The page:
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VARCHAR vs. TEXT - some performance numbers
Posted by: Rob Blick ()
Date: July 31, 2006 06:57AM

A question I hear once in a while is "why not make all your textual columns TEXT instead of VARCHAR?" I've never heard a solid answer, so I decided to run a simple benchmark - the results are somewhat surprising.

I created two tables - identical except that one uses VARCHAR(255) and the other uses TEXT. In order to render the two indexes similar, I indexed the entire VARCHAR(255) column but only the first 255 characters of the TEXT column:

CREATE TABLE V (a varchar(255) NOT NULL, PRIMARY KEY (a)) ENGINE=MyISAM;
CREATE TABLE T (a text NOT NULL, PRIMARY KEY (a(255))) ENGINE=MyISAM;

I then created 200000 random strings from the alphabet [A-Z,a-z,0-9]. Each string was between 50 and 255 characters long. I loaded that set of strings into both tables (same data set in each table).

Datafile and index file sizes were nearly the same for both tables (the TEXT table was only a few bytes larger). However, queries against these two tables were remarkably different in terms of speed:

SELECT SQL_NO_CACHE count(*) from TABLE_NAME where a LIKE "n%";

I ran 16 queries like this against both tables, using random characters for n. Again, the same 16 queries were run against both tables. Queries against the TEXT table were always 3 times slower than those against the VARCHAR table (averages: 0.10 seconds for the VARCHAR table, 0.29 seconds for the TEXT table). The difference is 100% repeatable.

Anyone have any ideas why? The only note I can find is this one on MySQL's site: "Each BLOB or TEXT value is represented internally by a separately allocated object. This is in contrast to all other data types, for which storage is allocated once per column when the table is opened." (bottom of http://dev.mysql.com/doc/refman/5.0/en/blob.html). Very vague, but offers a hint. The EXPLAIN output is slightly different, as well:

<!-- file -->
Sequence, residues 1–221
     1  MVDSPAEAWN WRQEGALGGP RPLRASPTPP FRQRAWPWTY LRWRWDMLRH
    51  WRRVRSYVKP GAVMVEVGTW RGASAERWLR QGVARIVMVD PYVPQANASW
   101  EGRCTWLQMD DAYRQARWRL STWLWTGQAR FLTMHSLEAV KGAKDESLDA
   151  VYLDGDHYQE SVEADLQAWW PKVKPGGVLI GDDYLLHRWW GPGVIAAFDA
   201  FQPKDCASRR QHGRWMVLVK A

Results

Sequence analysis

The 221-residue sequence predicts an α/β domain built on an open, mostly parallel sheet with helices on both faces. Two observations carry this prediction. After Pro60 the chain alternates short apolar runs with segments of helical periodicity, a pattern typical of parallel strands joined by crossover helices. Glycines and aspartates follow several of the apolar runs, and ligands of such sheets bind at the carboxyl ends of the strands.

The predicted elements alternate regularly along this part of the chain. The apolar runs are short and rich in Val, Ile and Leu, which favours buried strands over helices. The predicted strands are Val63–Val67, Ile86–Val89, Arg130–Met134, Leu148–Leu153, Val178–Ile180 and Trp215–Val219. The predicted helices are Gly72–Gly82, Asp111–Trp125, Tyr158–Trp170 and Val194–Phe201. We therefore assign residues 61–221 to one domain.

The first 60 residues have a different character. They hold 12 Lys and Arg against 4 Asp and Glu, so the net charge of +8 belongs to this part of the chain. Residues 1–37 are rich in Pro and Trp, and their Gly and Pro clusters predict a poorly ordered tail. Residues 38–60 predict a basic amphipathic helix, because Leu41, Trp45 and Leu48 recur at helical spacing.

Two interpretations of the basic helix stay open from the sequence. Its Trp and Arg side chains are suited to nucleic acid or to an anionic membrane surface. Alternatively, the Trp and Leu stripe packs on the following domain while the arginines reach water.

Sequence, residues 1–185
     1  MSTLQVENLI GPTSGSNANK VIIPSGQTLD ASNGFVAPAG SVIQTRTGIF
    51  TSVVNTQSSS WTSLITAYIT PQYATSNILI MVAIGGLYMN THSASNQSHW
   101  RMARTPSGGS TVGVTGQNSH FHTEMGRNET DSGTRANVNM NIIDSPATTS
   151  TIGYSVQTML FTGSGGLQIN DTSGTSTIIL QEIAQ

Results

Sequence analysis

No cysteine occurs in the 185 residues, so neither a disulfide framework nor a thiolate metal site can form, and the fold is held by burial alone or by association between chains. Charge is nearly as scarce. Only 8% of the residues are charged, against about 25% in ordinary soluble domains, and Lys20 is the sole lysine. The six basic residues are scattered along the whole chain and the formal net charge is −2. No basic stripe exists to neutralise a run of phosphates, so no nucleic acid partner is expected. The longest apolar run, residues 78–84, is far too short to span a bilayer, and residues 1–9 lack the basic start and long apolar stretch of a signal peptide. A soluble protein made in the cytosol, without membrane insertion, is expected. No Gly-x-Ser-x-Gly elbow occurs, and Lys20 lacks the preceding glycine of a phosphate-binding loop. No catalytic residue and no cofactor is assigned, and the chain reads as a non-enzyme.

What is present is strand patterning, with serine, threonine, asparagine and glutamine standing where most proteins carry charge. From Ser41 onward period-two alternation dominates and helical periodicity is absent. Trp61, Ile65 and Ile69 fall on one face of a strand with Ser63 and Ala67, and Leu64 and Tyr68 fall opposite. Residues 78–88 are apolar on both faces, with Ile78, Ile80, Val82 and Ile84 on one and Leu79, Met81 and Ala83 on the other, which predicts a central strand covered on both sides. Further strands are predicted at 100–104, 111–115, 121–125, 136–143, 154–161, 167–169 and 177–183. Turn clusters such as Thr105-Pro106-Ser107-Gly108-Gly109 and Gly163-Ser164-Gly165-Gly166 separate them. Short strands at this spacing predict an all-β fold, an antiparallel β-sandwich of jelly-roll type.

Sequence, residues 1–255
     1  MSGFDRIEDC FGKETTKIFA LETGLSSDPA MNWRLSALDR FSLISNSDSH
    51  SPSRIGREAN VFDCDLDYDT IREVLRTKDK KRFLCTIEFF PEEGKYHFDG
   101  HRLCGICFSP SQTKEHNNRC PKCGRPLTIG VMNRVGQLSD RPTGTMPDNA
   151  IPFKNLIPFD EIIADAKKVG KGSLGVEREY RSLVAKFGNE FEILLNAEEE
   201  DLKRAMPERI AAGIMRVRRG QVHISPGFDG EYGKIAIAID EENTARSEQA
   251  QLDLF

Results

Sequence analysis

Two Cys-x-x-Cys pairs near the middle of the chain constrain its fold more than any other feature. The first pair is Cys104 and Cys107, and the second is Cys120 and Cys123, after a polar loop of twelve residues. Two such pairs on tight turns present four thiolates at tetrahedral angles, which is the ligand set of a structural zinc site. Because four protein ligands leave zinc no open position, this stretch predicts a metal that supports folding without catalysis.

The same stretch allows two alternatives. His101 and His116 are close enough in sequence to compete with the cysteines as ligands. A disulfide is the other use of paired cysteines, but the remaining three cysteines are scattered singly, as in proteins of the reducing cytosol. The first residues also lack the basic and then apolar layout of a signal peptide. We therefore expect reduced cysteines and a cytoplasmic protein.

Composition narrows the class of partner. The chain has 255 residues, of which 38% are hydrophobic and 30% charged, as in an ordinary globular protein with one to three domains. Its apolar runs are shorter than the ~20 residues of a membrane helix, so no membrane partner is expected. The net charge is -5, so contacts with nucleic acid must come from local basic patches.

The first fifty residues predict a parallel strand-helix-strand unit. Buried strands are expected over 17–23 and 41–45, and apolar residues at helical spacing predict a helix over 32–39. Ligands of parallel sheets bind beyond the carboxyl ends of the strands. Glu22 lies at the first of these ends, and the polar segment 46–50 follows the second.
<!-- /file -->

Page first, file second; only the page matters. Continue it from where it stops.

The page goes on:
mysql> explain SELECT SQL_NO_CACHE count(*) from V where a LIKE "n%";
+----+-------------+-------+-------+---------------+---------+---------+------+------+--------------------------+
| id | select_type | table | type | possible_keys | key | key_len | ref | rows | Extra |
+----+-------------+-------+-------+---------------+---------+---------+------+------+--------------------------+
| 1 | SIMPLE | V | range | PRIMARY | PRIMARY | 257 | NULL | 5882 | Using where; Using index |
+----+-------------+-------+-------+---------------+---------+---------+------+------+--------------------------+
1 row in set (0.00 sec)

mysql> explain SELECT SQL_NO_CACHE count(*) from T where a LIKE "n%";
+----+-------------+-------+-------+---------------+---------+---------+------+------+-------------+
| id | select_type | table | type | possible_keys | key | key_len | ref | rows | Extra |
+----+-------------+-------+-------+---------------+---------+---------+------+------+-------------+
| 1 | SIMPLE | T | range | PRIMARY | PRIMARY | 257 | NULL | 5882 | Using where |
+----+-------------+-------+-------+---------------+---------+---------+------+------+-------------+
1 row in set (0.00 sec)

It looks like the index is being used for the VARCHAR table, but not for the TEXT table (in the Extra column). But then the key column shows that the PK is being used in both cases, so that's ambiguous.

Any thoughts?

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Subject Views Written By Posted
VARCHAR vs. TEXT - some performance numbers 196866 Rob Blick 07/31/2006 06:57AM
Re: VARCHAR vs. TEXT - some performance numbers 56873 Peter Zaitsev 07/31/2006 07:51AM
Re: VARCHAR vs. TEXT - some performance numbers 33474 Rob Blick 07/31/2006 09:48AM
Re: VARCHAR vs. TEXT - some performance numbers 24662 Regis Patuto 06/16/2009 01:12PM
Re: VARCHAR vs. TEXT - some performance numbers 26351 Rick James 06/16/2009 10:17PM
Re: VARCHAR vs. TEXT - some performance numbers 23017 Rick James 06/16/2009 10:25PM


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